ESL Students Learn English to Invest in Future


ESL students gather for a group phot with Instructor Selena Woods in their Southlake classroom.

Katerina Katramadou, Staff Reporter

 “Education is the most powerful weapon which you can use to change the world, “ Nelson Mandela said. English as a second language (ESL) programs offer international students the chance to learn English and to achieve success with their goals in a new environment.

The teaching of ESL programs in America began during the 15th century  from the British Empire. They were  instrumental in developing large-scale programs to teach English in their trading countries and colonies. After World War II, millions of immigrants moved to America in the pursuit of life, liberty and happiness. 

Today, many colleges, schools and universities offer free ESL courses around the United States, enrolling  an estimated 5.12 million ESL students. 

As stated by Kelly Arce, ESL-ALE Department Chair of College of Lake County, ”The ESL population in Lake County has recently increased by almost 30 percent,” said Kelly Arce, ESL-ALE department chair at the College of Lake County. “We have seen an increase in students from Ukraine, Venezuela,  Colombia and South Korea.”          

Arce said the primary mission of the ESL program is “to provide instruction in English speaking, reading and writing to adults whose primary language is not English so that they can increase their confidence, ability to communicate, and meet their educational/career goals.” The department recently rolled out a Career and Workforce Bridge as “supplemental classes  where students can focus on employability skills, how to create a resume and cover letter, job interviewing skills, and a variety of career clusters.”

 “Many students have given us feedback that these classes help them feel better prepared for entering the workplace because they work on their English skills at the same time as focusing on career-related topics,” she added.     

Instructor Shirley DeMichele said an ESL educator should be “caring, engaging and flexible. “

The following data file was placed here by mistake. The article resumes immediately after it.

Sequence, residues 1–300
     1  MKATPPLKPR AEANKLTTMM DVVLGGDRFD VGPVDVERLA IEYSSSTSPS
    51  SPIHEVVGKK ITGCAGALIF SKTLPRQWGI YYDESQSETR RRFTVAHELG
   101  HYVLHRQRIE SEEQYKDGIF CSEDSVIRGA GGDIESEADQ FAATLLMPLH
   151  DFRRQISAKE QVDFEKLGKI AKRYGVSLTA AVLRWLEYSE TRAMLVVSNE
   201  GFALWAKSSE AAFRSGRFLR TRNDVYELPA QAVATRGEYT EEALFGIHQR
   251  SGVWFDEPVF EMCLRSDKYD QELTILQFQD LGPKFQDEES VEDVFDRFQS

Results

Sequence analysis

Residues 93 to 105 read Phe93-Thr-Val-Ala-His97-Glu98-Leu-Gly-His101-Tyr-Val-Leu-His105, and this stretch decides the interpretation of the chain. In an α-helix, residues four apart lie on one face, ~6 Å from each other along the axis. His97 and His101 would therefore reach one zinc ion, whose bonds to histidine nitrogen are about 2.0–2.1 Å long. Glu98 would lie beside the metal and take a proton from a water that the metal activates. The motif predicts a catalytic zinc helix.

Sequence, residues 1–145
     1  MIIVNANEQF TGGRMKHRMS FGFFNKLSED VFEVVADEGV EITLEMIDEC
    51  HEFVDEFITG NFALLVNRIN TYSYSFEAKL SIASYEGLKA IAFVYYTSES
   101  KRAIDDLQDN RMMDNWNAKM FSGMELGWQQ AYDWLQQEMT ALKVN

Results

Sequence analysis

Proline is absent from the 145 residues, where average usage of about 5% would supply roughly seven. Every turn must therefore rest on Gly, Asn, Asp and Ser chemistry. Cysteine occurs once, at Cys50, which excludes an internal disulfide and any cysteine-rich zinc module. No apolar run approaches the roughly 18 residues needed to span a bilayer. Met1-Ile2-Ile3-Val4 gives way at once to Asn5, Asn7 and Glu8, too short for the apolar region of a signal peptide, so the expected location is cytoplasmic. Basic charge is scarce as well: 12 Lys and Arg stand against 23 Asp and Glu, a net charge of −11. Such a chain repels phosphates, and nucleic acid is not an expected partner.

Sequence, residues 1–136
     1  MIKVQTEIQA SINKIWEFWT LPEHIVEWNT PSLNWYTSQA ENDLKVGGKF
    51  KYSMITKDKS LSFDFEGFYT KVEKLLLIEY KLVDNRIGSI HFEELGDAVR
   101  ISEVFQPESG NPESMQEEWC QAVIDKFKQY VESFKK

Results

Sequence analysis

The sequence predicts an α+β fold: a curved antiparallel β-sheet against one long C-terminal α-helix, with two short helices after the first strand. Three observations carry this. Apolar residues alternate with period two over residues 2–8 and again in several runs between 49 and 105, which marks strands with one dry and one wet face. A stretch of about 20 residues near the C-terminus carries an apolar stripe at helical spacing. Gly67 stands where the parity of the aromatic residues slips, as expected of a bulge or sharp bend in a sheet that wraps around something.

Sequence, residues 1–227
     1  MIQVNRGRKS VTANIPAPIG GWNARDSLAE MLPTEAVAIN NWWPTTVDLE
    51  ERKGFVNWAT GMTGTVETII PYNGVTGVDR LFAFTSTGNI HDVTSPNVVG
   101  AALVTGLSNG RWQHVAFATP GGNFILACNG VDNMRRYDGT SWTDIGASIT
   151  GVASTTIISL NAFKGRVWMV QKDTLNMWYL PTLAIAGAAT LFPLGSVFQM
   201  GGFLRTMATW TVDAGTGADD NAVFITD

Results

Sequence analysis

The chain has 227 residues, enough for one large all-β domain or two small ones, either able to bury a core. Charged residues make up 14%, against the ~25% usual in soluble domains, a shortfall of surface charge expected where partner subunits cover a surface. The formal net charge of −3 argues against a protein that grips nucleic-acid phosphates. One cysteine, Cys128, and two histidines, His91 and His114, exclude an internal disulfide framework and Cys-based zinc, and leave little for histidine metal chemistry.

“All ESL educators must be sensitive to their students’ needs,” DeMichele added. “If a teacher goes the extra mile to help, a student will know they have a safety net and will be willing to take more learning risks in their new language. Because all students are different, we need to use a variety of teaching styles for all learners.” 

ESL Instructor Shirley DeMichele

Moreover, she said she feels proud for all her students when they compose their first paragraph in English, when they can communicate with her and their classmates, or when some of them begin pursuing an associate degree at the college.

ESL instructors find satisfaction in their work.

”I enjoy teaching, helping others, and learning about other languages and cultures,” ESL Instructor Selena Woods said. “Teachers must have competences, compassion and a learner’s attitude. Adults face struggles and challenges as they adjust to a new place.” 

Woods said teachers find reward when their students succeed with help from what they learn. =

 “I was satisfied when a particular student of mine used the skills that we had practiced to find a better job than her current one, apply for it, and go to two rounds of job interviews,” she recalled.  

Instructor Sonja Thrush also has ideas about what ESL teachers need.

 “The most important qualities for an ESL teacher to have are empathy, love, curiosity, and authenticity,” she said. “I love seeing my students feel empowered to use the Language skills they’ve developed, and seeing to what successes this leads them.” 

One of her students recently had her poem published in Prairie Voices, CLC’s literary magazine. 

In my experience as an ESL student, I views every ESL class like a cruise ship that has travelers from all over the world. Each cruise gives students the opportunity to meet new people and learn about them. 

My fellow passengers are from Ukraine, Latin America, Brazil , Mexico , Japan, China and  Turkey. Tetiana, Nadia, Olena, Irina, Oleksadra and Natasha left the traumatic environment of the war in Ukraine for a better future in the U.S.A. They struggle to learn how to live in Chicago, but they know how to achieve their goals. 

My classmates Nur and Yasemy  keep their Turkish traditions in their daily lives. They feel satisfied when they communicate with other people in English. 

Miquel, Martha, Marisol, and Trinidad  are all from Mexico and pleased about their daily efforts to improve their English skills. 

Lee-Ann Frega, conversation circle facilitator

Alejanda and Fabio have Latin culture in their hearts, but they study English to improve their new  lifestyle. 

Tomoyuki is from Japan and enjoys ESL classes “because I can make friends from different countries.” 

Sean came from China six months ago with his wife, and he said that because of ESL classes, his “English level has improved quickly.” 

Kellyn is  married to a Brazilian-American man and moved to Illinois to start a new life. She feels  proud of her efforts to grow her English skills.

“All ESL students have great courage, and in their perseverance, they are successes,” said Lee-Ann Frega, ESL Conversation Circle facilitator, said.

We all have different expectations for our future, but we all have the same goal: to improve our English skills.